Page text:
That U.S.-spec Corrados were born with lousy illumination is well known. I'd lived with it every night since Project Corrado found its way to my garage, albeit at a rather dangerous price. Given the higher performance direction my Corrado was taking, it was time for a change. I was seriously overdriving the car at night, the stock headlamps little more than flashlights peering into the blackness.
There are several reasons why stock Corrado lights are deficient. First, U.S. regulations restricted the Euro-spec H4s; second, the VW sits fairly low to the ground, which makes the lenses prone to abrasion, thus degrading their clarity. After a few years of hard use, most Corrados got cataracts.
The hot ticket was upgrading to the Euro-spec Corrado lights, which offered higher wattage bulbs and a more focused beam. However, as the above picture shows, they still lack the punch of high-intensity-discharge lighting.
There are significant differences between HID lighting and conventional halogen-based systems. Basically, HID does not use the standard filament system of a regular bulb but works on a design where ballast is connected inline with the system that draws 35W and then reduces the current to increase voltage to 23,000 volts. It then creates an arc inside a xenon gas-filled HID bulb or capsule and excites the gas-producing light with a much higher lumens rating.
There are several misconceptions regarding upgraded lighting; the biggest is the kelvin scale. Some seem to think the hotter the bulb, the more light it produces. It ain't true. The kelvin scale is based on a theoretical block of black metal. As the block is heated, it begins to change color. In the first stages, the block begins to glow a dull red or orange-this is a warm light with a measurement of 2500 K to 3200 K. As the block continues to warm, the orange hue is replaced with green and blue, eventually becoming white with a temperature of 5600 K (the same color as the sun). Above 5600 K, the light becomes more blue and purplish. Ultimately, changing the bulb temperature only changes the quality of light, not the quantity.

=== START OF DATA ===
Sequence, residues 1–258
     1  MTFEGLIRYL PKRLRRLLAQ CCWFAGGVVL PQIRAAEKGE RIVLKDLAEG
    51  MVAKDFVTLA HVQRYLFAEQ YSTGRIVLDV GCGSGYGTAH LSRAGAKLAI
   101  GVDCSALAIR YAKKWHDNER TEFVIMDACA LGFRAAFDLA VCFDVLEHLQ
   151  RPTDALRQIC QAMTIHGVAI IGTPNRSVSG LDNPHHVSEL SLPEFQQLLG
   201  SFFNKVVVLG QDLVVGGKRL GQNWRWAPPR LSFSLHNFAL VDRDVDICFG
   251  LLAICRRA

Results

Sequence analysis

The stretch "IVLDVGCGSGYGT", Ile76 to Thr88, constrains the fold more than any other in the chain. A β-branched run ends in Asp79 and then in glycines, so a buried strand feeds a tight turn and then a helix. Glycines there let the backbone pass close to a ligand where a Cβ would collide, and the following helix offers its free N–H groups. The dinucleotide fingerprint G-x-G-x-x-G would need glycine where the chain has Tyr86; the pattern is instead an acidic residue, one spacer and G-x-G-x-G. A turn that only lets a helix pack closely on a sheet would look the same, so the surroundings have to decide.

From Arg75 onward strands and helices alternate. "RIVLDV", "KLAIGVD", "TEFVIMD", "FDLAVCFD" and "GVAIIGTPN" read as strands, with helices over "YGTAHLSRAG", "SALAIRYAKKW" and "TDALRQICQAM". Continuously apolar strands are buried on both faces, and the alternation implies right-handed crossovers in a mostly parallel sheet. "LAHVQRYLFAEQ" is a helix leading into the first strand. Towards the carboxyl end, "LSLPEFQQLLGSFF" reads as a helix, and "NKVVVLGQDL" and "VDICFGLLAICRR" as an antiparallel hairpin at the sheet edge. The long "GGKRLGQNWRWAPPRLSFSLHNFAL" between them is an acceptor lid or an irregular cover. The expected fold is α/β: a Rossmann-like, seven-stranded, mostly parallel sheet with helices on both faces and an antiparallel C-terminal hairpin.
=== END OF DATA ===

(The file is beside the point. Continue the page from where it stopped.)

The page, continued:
The folks at The HID Factory have brilliant solutions for dim cars. The HID retrofit kit for the Corrado (and most VWs for that matter) has transformed my car into the ultimate nocturnal cruiser. The difference is simply staggering, like a candle compared to the sun. It's hard to believe I lived so long without them.
The HID Factory kit is comprised of two Euro-spec headlamps fitted with the original Philips 4100 K bulbs found in many of today's luxury vehicles. These are not re-based bulbs-they have a ring machined to fit in place of a halogen bulb in the same housing. They use the D2-type connector (except for the smaller H1 type) for the best possible connection and reliability. The ballast units are from Philips GmbH and feature sealed snap fit plugs for good connections.
The HID Factory system is pretty much a plug-and-play program using the factory's tri-plug connector and stock mounting points. Because of the initial increase of amperage during start-up, it is necessary to change the 10-amp headlamp fuses to 20 amps (I discovered this after burning through a bag of fuses).
Due to deadline constraints, I was unable to hook up the high beams and city lights. We also noticed the high-beam indicator is always on. I can't imagine what the brights would look like, as the standard low beams are better than most systems' high beams. The supplied relay kit will most likely remedy these things.
The HID Factory lighting system ain't cheap. It is, however, the best aftermarket lighting I have ever seen.